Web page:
In Hot Real Estate Markets, Sellers Can Get Burned

If you currently own your home, and are thinking of selling, this is a heady time. You may have watched as your neighbors, after seemingly little work, sold their home in record time at a record price.

And you thought, “What does my neighbor have that is so special?” Indeed. They didn’t seem to care for yard work (well, at least until several weeks ago). Did you ever see them pick up a hammer? Or a saw? A glass of lemonade or barbecue tongs seemed to be all that fit into their hands.

Now what apparently fits into their hands is a hefty offer from multiple buyers, bidding on their house as if it were a cherished antique at Sotheby’s.

“What could I get for my home?,” you wonder. It would be nice, after all, to move into something larger, newer – better. And your neighbors didn’t seem to do much: Stick a sign in the yard, have an open house or two, and presto — instant wealth for a house that, in the real estate lingo, “needs some TLC”.

But don’t be fooled by appearances. While the real estate market is hot, sellers can still get burned.

Whether you sell your home on your own, or choose to sell it yourself, you still need to disclose any defects to potential buyers. That single requirement can give sellers a lot of headaches. “One of the biggest things in real estate is the disclosure issue,” says Oakland real estate attorney Bari Robinson. “This is probably one of the hottest areas of litigation in buying and selling homes.”

Robinson says that, sometimes, the seller, “does not disclose everything that is necessary.” While the standard seems clear — Robinson says it is “anything the seller knows or reasonably should have known,” — sellers may be tempted to cut corners, or simply overlook the obvious.

“Later on, a buyer may find problems which should have been disclosed by the seller or broker,” Robinson says, noting that a seller’s real estate agent can also be liable for defects not disclosed to the buyers.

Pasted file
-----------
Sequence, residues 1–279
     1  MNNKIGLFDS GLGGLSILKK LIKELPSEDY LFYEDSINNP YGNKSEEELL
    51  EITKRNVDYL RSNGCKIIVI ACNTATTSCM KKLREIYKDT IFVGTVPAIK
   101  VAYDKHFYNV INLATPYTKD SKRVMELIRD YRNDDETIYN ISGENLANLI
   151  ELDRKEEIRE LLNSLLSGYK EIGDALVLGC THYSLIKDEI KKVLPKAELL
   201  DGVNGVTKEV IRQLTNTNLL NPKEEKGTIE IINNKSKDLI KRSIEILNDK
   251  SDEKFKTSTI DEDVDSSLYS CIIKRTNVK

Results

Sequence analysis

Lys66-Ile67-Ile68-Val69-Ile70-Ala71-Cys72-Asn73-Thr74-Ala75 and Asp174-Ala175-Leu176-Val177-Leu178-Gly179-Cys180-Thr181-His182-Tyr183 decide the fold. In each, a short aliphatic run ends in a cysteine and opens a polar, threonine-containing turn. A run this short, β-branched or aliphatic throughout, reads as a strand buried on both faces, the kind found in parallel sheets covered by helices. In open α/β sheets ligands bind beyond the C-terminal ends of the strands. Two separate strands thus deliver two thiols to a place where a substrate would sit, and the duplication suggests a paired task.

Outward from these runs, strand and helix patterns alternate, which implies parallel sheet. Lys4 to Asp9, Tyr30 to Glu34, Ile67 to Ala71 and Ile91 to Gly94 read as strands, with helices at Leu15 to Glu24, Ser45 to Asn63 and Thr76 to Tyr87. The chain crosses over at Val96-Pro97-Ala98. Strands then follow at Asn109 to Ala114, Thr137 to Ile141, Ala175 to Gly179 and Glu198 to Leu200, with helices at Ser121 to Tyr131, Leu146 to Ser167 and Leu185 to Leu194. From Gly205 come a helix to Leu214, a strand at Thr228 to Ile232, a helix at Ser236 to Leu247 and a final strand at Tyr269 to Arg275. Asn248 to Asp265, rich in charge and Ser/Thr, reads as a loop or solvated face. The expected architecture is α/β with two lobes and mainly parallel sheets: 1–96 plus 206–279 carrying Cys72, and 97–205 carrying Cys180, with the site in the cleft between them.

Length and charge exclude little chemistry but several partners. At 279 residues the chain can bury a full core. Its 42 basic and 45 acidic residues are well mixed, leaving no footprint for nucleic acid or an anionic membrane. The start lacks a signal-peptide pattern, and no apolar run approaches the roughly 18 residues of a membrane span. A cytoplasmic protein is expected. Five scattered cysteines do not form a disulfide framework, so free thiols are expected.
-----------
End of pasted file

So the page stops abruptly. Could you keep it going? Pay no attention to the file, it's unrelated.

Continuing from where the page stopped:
Normally, then, a real estate agent can add some additional protection. But Julia Korpi, a real estate agent based in San Leandro, advises that all agents are not the same. “You want to be sure that the agent does not have you sign a liability disclaimer,” she says. While not widespread, the disclaimers are occasionally proffered by agents who want the commission without the risk, leaving the seller to bear full responsibility for disclosure issues.

In fact, Korpi says helping a seller deal with disclosures is one of the key advantages in using a realtor. “In our office, we conduct a full investigation of each property, so disclosures can be made to all parties concerned,” she explains.

A real estate agent for over 25 years, Korpi is quick to point out that many sellers aren’t intentionally deceptive, either. “A lot of the time, owners don’t realize something could be a disclosure issue. They’ve just lived in the house so long, they just overlook the problem,” she explains.

While disclosures may seem the most daunting of a seller’s challenges, it is not the only one. Korpi says that sellers sometimes make mistakes in other areas that can cost them money, too.

“Sometimes, a seller will approach an agent with a market price in mind. Sellers tend to overprice, and a home more reasonably priced often gets more money in the end,” she notes.

Likewise, Korpi makes sure that she handles the open house and ensuing offers in the best possible way. “Sometimes, a seller wants to hold his own open house. But, you have no idea who is coming through the door. In this market, you could have as many as 40 people in your house at one time. If a seller handles the open house themselves, they don’t have the ability to find out who in that group is a serious buyer, and what questions to ask to find out.”

Before finding an agent, Korpi says sellers also want to do quite a bit of remodeling — yet another way money is often wasted. “Actually, there’s only a few things that will really increase the price of the home,” she says, adding that she will let sellers know what is in their best interest to fix, and what is better left to the buyer.

That is echoed by the California Association of Realtors (CAR). Their web site, www. car.org, provides an entire section of information solely for home sellers. Cautioning against excessive home remodeling, the web site also discusses the advantages of using a Realtor, and provides other home selling advice.

While you may think you’ll never hear from your agent once your home is sold, Korpi says that is not necessarily the case. “I follow up in the first two weeks after the sale,” she notes, and frequently stays in touch with buyers and sellers alike.
“That’s the whole name of the game in being a good agent – following up.”

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